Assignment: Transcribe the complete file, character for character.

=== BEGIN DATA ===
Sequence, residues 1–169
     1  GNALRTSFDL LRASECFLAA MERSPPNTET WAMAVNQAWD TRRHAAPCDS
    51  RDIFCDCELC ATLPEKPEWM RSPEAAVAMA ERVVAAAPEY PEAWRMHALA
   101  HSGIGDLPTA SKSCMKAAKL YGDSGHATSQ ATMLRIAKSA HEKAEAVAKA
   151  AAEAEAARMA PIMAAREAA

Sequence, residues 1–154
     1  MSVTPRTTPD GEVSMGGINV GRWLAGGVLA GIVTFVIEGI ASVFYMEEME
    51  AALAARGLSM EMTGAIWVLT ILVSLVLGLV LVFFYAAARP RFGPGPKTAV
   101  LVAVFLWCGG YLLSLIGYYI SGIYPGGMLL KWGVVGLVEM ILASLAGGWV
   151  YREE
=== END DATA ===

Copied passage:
Sequence, residues 1–169
     1  GNALRTSFDL LRASECFLAA MERSPPNTET WAMAVNQAWD TRRHAAPCDS
    51  RDIFCDCELC ATLPEKPEWM RSPEAAVAMA ERVVAAAPEY PEAWRMHALA
   101  HSGIGDLPTA SKSCMKAAKL YGDSGHATSQ ATMLRIAKSA HEKAEAVAKA
   151  AAEAEAARMA PIMAAREAA

Sequence, residues 1–154
     1  MSVTPRTTPD GEVSMGGINV GRWLAGGVLA GIVTFVIEGI ASVFYMEEME
    51  AALAARGLSM EMTGAIWVLT ILVSLVLGLV LVFFYAAARP RFGPGPKTAV
   101  LVAVFLWCGG YLLSLIGYYI SGIYPGGMLL KWGVVGLVEM ILASLAGGWV
   151  YREE